As previously stated, this is an innovative project and will be the only one of its kind which delivers training to older and elderly minority ethnic people in their native tongues while at the same time considering their cultural needs. Within Edinburgh and the Lothians there are a number of organisations which work with Chinese and South Asian people but MECOPP is the only organisation in Scotland that works with older and elderly minority ethnic carers. Similarly, there are various organisations that deliver IT training to different sections of the minority ethnic community but these are aimed at other specific target groups, for example, younger South Asian people, Sikh women only, women only, etc. This project would be unique in that it would work with two culturally diverse groups of older and elderly people to provide bespoke IT skills training, delivered in the clients’ first language.
Project costs include the purchase of ten transformer books (these offer the functionality of a laptop and the practicality and mobility of a tablet) and also the purchase of ten Chinese writing tablets. These allow people to write Chinese symbols which are then uploaded to a pc/laptop/tablet.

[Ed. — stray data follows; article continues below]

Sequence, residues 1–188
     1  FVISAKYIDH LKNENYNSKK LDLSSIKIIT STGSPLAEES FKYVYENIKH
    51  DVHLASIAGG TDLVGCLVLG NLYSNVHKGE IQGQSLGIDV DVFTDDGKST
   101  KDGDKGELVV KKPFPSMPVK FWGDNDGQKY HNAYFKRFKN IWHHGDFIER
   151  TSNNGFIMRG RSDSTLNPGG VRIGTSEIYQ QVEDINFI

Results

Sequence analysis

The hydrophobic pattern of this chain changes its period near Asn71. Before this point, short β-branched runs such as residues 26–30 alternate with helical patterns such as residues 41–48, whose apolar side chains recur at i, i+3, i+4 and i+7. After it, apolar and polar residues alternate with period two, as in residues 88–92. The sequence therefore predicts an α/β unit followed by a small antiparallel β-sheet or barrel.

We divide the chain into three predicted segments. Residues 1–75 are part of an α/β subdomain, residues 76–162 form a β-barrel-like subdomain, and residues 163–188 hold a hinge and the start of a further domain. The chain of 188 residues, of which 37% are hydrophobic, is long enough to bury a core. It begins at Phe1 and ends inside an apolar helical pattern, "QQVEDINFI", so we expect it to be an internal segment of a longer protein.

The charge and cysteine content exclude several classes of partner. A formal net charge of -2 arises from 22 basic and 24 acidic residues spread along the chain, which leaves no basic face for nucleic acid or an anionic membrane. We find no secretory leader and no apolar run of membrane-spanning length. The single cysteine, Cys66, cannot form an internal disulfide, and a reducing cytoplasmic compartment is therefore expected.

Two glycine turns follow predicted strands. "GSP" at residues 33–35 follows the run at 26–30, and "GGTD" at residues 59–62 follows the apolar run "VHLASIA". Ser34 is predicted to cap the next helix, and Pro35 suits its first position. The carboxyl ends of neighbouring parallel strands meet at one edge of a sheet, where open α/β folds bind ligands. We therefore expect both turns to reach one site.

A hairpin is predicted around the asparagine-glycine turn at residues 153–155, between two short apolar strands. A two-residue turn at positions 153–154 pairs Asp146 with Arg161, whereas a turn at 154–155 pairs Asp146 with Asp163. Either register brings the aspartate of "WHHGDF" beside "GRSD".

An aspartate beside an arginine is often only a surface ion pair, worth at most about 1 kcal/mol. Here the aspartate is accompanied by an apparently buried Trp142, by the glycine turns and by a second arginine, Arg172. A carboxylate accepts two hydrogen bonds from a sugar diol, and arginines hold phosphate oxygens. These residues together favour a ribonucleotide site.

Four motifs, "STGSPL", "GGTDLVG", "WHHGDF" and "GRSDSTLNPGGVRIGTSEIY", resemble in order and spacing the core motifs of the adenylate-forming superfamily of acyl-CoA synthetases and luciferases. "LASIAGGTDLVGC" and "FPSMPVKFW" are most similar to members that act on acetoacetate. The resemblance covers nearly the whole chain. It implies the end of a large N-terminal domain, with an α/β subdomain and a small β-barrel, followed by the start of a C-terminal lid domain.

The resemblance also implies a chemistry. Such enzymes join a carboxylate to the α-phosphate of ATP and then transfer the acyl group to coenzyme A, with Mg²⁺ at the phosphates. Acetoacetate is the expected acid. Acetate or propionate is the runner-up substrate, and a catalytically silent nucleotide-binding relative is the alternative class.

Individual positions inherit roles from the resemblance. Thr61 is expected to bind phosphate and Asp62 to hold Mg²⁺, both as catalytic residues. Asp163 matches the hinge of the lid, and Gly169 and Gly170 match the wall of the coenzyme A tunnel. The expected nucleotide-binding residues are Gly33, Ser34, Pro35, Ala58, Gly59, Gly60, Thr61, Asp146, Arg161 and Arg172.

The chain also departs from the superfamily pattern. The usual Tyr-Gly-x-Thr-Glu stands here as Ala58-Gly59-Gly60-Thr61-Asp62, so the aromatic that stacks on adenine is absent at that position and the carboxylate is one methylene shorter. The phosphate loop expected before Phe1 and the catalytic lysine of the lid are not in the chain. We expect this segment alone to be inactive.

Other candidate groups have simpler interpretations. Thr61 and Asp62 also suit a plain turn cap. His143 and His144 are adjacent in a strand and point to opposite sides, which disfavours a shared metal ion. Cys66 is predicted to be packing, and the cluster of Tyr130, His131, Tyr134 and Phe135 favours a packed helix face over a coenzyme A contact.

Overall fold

Planned outputs and outcomes:
• Improved IT skills and knowledge
• Reduced fear of new technology
• Improved ability to source goods and services online
• Improved mental wellbeing as a result of being better connected to friends and family
Of the above beneficiaries, 32 completed self-evaluation forms, the results of which are set out below:
32 agreed that their confidence in using IT had increased since participating in the training;
Of these 20 reported a significant improvement in confidence levels and 12 a moderate improvement;
32 agreed that the skills they learnt would be used for one or more of the above outcomes;
32 agreed that the bi-lingual tutor had significantly enhanced their learning;
32 agreed that the level and content of the tuition was suitable to their learning requirements; and,
32 expressed a desire for more IT learning opportunities.
Examples of how the learning has been utilised include: